واکنش های استرس فیزیولوژیکی به از دست دادن نفوذ اجتماعی و تهدید به مردسالاری
|کد مقاله||سال انتشار||مقاله انگلیسی||ترجمه فارسی||تعداد کلمات|
|36326||2014||9 صفحه PDF||سفارش دهید||7580 کلمه|
Publisher : Elsevier - Science Direct (الزویر - ساینس دایرکت)
Journal : Social Science & Medicine, Volume 103, February 2014, Pages 51–59
Social influence is an important component of contemporary conceptualizations of masculinity in the U.S. Men who fail to achieve masculinity by maintaining social influence in the presence of other men may be at risk of stigmatization. As such, men should be especially likely to exhibit a stress response to loss of social influence in the presence of other men. This study assesses whether men who lose social influence exhibit more of a stress response than men who gain social influence, using data collected in a laboratory setting where participants were randomly assigned into four-person groups of varying sex compositions. The groups were videotaped working on two problem-solving tasks. Independent raters assessed change in social influence using a well-validated measure borrowed from experimental work in the Status Characteristics Theory tradition. Cortisol is used as a measure of stress response because it is known to increase in response to loss of social esteem. Results show that young men who lose social influence while working with other young men exhibit cortisol response. In contrast women do not exhibit cortisol response to loss of social influence, nor do men working with women. Results are consistent with the hypothesis that loss of social influence in men may be associated with a physiological stress response because maintaining social influence is very important to men while in the presence of other men. This physiological response to loss of social influence underscores the importance to men of achieving masculinity through gaining and maintaining social influence, and avoiding the stigma associated with the failure to do so.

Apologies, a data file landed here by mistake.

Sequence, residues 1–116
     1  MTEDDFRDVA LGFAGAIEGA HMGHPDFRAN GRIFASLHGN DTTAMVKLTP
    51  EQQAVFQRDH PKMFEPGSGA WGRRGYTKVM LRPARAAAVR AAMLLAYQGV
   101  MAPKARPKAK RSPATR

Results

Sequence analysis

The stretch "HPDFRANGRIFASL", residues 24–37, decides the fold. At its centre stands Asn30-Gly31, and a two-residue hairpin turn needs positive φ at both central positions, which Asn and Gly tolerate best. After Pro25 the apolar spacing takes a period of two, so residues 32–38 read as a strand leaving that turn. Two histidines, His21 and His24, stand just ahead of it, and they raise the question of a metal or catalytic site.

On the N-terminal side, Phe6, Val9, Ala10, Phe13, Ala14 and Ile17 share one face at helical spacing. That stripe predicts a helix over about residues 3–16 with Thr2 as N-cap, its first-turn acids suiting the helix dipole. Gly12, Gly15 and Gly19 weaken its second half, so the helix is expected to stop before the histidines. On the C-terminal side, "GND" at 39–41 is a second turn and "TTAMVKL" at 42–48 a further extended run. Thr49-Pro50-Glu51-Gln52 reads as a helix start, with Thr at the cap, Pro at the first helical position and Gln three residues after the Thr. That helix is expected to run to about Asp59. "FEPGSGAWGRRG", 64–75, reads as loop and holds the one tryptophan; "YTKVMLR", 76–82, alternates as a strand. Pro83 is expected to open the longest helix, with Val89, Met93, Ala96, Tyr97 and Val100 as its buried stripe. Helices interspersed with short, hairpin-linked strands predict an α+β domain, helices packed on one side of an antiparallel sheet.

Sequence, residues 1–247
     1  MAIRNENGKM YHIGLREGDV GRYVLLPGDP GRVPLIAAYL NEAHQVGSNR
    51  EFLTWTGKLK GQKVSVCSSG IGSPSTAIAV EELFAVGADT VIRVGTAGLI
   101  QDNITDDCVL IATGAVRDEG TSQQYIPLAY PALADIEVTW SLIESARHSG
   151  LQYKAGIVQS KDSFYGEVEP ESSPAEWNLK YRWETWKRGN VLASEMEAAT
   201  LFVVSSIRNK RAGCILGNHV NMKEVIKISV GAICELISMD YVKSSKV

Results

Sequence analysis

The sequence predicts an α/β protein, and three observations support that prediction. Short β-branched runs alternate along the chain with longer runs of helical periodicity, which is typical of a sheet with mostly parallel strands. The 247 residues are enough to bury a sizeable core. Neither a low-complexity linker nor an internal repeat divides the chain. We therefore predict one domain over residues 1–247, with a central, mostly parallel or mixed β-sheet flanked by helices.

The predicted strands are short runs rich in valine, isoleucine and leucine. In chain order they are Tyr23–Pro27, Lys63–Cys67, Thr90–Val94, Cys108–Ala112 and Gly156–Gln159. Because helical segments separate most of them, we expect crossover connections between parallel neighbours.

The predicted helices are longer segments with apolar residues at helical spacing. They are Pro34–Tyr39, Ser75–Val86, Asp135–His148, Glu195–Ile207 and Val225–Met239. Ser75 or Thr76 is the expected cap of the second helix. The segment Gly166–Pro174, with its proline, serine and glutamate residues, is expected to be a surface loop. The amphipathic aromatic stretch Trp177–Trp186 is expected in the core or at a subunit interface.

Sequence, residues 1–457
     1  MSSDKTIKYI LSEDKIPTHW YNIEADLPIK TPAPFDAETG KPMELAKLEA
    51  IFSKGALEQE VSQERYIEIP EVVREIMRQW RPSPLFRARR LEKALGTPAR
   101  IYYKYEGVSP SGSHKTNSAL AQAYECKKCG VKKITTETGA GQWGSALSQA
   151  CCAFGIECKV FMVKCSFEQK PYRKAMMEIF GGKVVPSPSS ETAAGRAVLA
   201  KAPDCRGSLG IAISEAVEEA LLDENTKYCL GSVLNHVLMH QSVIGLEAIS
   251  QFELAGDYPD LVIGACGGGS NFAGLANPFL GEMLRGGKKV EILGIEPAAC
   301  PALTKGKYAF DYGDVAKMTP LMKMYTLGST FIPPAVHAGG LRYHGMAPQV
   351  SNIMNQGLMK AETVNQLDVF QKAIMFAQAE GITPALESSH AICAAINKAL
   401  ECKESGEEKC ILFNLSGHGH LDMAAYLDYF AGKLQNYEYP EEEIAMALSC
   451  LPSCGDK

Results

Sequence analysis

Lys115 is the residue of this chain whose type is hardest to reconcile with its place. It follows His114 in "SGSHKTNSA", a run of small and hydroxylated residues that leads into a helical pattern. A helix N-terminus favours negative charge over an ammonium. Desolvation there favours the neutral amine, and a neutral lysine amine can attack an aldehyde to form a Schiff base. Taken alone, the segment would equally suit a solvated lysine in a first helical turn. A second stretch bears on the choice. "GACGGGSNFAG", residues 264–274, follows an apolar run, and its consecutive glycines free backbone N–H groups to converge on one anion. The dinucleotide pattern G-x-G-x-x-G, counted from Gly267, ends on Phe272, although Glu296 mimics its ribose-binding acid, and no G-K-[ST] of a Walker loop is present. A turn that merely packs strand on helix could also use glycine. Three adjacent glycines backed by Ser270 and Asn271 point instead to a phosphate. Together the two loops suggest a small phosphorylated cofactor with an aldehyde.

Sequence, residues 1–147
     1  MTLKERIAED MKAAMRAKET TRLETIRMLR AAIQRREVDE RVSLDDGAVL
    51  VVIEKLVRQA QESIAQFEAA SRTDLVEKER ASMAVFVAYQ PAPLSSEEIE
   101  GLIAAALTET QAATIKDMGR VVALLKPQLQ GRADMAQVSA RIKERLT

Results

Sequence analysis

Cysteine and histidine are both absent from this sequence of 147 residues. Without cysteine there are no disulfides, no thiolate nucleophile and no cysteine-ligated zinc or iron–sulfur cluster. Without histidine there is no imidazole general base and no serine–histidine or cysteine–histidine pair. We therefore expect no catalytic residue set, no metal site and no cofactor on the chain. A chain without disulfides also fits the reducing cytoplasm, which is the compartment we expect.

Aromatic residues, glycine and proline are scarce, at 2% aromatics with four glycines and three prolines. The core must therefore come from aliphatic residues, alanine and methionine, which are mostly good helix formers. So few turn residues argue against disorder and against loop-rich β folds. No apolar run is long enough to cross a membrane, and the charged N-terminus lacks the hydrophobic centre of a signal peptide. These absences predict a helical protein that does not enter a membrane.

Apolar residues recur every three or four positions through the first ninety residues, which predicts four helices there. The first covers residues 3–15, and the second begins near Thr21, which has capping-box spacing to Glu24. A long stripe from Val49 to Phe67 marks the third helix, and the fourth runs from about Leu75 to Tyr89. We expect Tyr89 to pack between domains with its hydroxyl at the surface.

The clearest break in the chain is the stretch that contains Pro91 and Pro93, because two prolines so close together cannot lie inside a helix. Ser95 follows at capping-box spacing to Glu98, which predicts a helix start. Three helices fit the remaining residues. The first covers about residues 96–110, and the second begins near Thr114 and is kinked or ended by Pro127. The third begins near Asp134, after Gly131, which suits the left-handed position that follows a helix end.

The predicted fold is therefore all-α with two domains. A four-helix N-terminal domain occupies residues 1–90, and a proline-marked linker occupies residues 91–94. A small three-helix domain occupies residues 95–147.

Scholars have long been interested in how social status is linked to physiological stress response (Gesquiere et al., 2011, Hamer et al., 2010, Nicolson, 2008, Sapolsky, 2005, Scheepers et al., 2009 and Shively and Clarkson, 1994). Although initial work focused on stress response among low status groups, recent work has shown that in some conditions – namely in the presence of status threats or in unstable status hierarchies – being a member of a high status group can also cause a physiological stress response, including cortisol response and high systolic blood pressure (Sapolsky, 2005, Scheepers, 2009 and Scheepers et al., 2009). In addition, threats to dominance and social influence appear especially likely to cause stress and anxiety among members of groups with high social status (Gesquiere et al., 2011, Pascoe, 2007, Sapolsky, 2005, Scheepers, 2009 and Scheepers et al., 2009).
نتیجه گیری انگلیسی
These analyses provide support for the idea that men are especially sensitive to loss of social influence when in the company of other men, even in a relatively low stakes laboratory environment. And, in so far as social influence is an important component of masculinity, they are consistent with the hypothesis that men are physiologically responsive to the stigma of failed manhood. In contrast, this association does not appear for men-with-women and women working with men or women. Previous research has established the importance of social influence to young men (Pascoe, 2007), but has not linked threats to social influence to cortisol response in this context.